Ask Money

Savings vs debt repayment

Chris Farrell Jan 14, 2009

Question: So my wife just graduated with a masters and started working, and i just got a 25,000 promotion. Combined we are making about 3-4 times as much as we were last year. Our expenses have grown cause we were living in upstate NY, but now live in the bay area. But my question is should we try and pay off some of the college loans sooner, or should we try and save all the excess money for a down payment for a house? In reality it could take us a few years to save the 20% we would need for a down payment because of the outrageous cost of housing here. howard, los gatos, CA

Answer: You aren’t kidding when you say home prices in the Bay Area are outrageous. Home values are down sharply, but the median home price is still about $350,000. That means if you bought the median home you’d have to save $70,000 for a 20% down payment. (And really you’d need more than that considering closing costs, moving costs, and the annual costs of homeownership. You don’t want to be house poor.)

It’s wonderful you have the money and discipline to save. How about this for an approach? First, let’s put the bulk of the extra money toward savings. The money may go toward a home in the future. But the savings will work double duty in the meantime. The amount of money available will grow in case of a financial setback, such as a layoff. Plus, an emergency savings fund is also an “opportunity fund.” Savers eventually get to take advantage of good bargains during downturns. You build a strong financial safety net, have money to take advantage of deals and, create a nest egg for a home.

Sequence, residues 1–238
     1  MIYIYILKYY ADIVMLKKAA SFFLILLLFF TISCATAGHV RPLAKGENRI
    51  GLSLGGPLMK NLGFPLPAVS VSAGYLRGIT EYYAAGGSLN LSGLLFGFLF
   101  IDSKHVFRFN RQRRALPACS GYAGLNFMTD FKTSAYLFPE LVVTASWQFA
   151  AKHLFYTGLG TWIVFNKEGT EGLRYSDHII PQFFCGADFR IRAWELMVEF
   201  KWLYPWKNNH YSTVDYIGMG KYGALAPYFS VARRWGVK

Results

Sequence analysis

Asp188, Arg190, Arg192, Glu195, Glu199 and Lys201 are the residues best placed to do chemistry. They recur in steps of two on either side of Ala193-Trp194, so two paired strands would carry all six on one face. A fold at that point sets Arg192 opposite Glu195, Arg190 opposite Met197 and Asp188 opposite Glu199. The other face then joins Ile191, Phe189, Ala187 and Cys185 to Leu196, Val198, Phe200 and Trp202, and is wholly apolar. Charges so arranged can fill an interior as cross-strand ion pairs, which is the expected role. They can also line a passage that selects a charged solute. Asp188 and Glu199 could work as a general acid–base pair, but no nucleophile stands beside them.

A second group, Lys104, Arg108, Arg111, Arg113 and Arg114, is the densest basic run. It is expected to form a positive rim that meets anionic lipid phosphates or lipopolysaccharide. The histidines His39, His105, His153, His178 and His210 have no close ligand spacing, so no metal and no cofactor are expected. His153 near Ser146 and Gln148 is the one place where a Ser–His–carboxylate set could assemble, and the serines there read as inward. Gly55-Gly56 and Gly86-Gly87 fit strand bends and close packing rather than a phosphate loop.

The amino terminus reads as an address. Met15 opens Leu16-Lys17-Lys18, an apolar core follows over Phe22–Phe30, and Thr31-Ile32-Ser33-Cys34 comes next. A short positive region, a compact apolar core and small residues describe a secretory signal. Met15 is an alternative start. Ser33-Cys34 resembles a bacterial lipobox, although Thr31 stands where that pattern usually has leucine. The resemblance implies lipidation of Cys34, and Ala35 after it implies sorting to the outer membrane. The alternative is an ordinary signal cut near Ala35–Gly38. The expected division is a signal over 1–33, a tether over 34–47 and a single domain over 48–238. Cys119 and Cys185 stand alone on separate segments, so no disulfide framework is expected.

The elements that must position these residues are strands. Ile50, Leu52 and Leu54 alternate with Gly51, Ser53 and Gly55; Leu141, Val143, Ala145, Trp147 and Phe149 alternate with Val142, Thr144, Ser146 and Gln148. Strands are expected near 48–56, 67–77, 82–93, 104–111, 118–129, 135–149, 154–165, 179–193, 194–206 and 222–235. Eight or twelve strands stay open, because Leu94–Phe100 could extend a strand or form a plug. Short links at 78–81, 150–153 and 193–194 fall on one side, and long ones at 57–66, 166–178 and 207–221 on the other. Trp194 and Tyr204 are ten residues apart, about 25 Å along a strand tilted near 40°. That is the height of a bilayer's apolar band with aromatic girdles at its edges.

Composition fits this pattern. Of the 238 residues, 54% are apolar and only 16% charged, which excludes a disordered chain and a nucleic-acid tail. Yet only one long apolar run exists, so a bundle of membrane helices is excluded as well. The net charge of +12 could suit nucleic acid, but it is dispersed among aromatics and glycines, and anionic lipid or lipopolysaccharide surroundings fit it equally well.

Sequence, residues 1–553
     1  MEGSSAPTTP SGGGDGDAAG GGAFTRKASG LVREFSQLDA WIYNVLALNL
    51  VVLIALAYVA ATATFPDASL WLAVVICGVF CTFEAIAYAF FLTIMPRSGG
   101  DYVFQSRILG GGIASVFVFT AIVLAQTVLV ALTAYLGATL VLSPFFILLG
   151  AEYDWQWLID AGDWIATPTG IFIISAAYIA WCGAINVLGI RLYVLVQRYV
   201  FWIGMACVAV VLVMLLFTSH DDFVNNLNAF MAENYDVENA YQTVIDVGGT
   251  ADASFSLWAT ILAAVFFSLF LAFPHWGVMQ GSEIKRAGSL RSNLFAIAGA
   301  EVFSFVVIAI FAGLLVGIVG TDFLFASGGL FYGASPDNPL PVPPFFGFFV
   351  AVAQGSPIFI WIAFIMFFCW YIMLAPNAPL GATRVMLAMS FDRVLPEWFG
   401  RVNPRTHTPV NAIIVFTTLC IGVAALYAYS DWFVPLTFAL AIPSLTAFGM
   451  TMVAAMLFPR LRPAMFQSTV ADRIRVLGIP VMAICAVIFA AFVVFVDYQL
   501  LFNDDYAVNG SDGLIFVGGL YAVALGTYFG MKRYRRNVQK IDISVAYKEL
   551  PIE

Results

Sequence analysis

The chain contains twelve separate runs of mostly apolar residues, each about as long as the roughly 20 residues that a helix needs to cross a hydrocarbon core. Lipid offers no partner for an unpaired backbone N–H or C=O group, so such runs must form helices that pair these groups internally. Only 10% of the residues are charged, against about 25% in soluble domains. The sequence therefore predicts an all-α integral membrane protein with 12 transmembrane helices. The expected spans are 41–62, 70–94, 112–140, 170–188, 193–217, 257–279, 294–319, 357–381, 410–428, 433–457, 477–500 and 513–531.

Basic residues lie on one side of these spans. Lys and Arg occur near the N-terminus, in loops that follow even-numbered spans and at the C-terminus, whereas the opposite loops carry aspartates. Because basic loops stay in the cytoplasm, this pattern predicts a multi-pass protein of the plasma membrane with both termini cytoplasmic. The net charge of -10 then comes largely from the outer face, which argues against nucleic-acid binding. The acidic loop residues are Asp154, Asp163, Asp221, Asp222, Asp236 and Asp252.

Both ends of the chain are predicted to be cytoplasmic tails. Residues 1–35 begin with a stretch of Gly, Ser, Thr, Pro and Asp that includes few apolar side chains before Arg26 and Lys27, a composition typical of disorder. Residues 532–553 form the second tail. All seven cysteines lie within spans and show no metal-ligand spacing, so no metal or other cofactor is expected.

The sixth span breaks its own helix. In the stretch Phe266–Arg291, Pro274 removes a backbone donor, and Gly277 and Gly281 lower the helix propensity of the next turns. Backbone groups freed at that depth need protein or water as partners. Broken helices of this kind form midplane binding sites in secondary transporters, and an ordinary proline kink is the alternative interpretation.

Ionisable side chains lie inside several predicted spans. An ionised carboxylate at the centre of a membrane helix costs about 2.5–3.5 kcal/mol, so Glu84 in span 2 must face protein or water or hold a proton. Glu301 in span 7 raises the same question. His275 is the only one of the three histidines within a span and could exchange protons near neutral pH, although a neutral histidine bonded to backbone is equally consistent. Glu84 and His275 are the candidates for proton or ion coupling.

Second, I would then take some of the extra cash and accelerate your student loan payments.

The thought is not to treat this as an “either/or” question, something all too common in the world of personal finance. Instead, play with the percentages and decide how to divide the money pie. Because of the recession, I would lean toward putting more of the money into safe savings and only slightly accelerate the student loan payments. But you and your wife may be more comfortable dividing the money in half–half into savings and half into extra student loan payments. Or the two of you may decide to put the bulk of the savings toward student loans because you can’t stand living with a loan. There is no right or wrong course. You’re saving–and that is what’s critical in good times and bad.

There’s a lot happening in the world.  Through it all, Marketplace is here for you. 

You rely on Marketplace to break down the world’s events and tell you how it affects you in a fact-based, approachable way. We rely on your financial support to keep making that possible. 

Your donation today powers the independent journalism that you rely on. For just $5/month, you can help sustain Marketplace so we can keep reporting on the things that matter to you.